The other thing to be aware of are the temperatures. Especially the end of the dry and beginning of the wet season are extremely hot. Not a problem if you want to canoe and swim. A different story if you want to go on longer bushwalks... On the other hand the nights during the dry season can get quite cold. Something to remember if you plan overnight camping trips in the park...

And last but not least: I feel nothing is much fun during the peak of the tourist season—mid June to mid August&mdashwhen everything is packed. But maybe that's just me...

Here is a bit of a summary of what to do when:

Katherine Gorge, Northern Territory, Activities

Katherine Gorge Cruises:
The popular cruises through Katherine Gorge, Northern Territory, operate all year round but are subject to weather and conditions. That means there is no guarantee they will be operating at any given day during the wet.

Our wet seasons are unpredictable. There may be extended dry periods with only little rain. But we also get cyclones with torrential rains for days, extended flooding, and you won't even be able to get to the park. During the wet season you have to take it as it comes and be flexible. Keep an eye on the weather reports when you get here.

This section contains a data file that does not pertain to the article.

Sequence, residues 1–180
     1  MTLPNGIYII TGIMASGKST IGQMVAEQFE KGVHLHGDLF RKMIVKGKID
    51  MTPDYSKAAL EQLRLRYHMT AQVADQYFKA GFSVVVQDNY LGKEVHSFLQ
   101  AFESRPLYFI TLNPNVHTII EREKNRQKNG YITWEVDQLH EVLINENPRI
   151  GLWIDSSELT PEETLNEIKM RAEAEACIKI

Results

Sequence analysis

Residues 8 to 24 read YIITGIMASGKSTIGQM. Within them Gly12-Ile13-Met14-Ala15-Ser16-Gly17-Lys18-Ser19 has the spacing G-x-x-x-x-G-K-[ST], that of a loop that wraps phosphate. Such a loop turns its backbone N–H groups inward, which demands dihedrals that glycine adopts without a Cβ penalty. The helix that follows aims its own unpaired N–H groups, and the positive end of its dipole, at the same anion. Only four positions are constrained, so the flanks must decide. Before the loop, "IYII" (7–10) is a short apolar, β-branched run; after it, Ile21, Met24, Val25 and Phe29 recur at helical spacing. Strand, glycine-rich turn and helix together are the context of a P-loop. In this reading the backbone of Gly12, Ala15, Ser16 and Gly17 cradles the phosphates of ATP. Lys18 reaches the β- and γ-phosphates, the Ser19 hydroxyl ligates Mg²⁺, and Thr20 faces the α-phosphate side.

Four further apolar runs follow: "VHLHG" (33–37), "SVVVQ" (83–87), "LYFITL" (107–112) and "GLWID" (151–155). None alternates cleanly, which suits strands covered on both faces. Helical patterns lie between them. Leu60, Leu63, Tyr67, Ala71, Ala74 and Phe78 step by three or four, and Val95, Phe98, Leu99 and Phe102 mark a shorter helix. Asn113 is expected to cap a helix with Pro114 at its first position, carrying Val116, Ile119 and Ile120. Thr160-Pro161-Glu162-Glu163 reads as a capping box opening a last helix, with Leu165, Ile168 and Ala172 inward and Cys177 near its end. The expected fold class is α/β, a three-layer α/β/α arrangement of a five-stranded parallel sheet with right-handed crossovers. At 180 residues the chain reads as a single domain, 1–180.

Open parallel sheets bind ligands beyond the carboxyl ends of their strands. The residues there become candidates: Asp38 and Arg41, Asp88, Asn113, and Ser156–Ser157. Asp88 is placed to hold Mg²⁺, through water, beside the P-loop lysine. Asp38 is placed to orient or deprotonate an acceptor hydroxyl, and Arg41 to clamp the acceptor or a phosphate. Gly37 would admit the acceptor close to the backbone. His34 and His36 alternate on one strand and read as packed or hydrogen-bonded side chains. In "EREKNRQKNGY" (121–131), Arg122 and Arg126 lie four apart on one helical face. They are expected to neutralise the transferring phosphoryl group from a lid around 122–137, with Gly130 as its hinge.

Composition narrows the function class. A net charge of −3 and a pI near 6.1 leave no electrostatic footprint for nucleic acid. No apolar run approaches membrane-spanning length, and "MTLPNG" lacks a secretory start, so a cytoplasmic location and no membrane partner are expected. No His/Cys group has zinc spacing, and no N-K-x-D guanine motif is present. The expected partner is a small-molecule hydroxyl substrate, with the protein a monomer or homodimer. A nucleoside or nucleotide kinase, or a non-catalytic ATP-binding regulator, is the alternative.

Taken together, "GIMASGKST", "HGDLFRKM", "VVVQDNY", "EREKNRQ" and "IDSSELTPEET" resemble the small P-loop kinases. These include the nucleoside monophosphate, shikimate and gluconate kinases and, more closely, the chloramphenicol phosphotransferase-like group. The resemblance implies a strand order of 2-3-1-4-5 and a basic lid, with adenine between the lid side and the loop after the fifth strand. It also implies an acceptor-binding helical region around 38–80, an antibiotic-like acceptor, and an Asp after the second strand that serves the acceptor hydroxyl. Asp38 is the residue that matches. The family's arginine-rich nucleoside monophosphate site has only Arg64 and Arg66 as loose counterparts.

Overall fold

At certain times of the year the shorter cruises will be available, but not the longer ones. Reason would be the water level being too high (dangerous rapids) or too low (dry sections exposed).

Katherine Gorge Canoe Trips:
Same as above. In theory canoe hire is possible all year round. In real life the gorge gets closed to canoes once the rapids become too dangerous. After the big wet season and the floods in 2006 it took until June before the gorge was considered safe for canoeists and swimmers again!

I prefer to go on canoe trips later in the dry season when the weather already warms up again. For starters there are fewer tourists. But I also can't stand cold weather after living up here for so long. Heat is not a problem if you are in a canoe, just slide over the side into the water...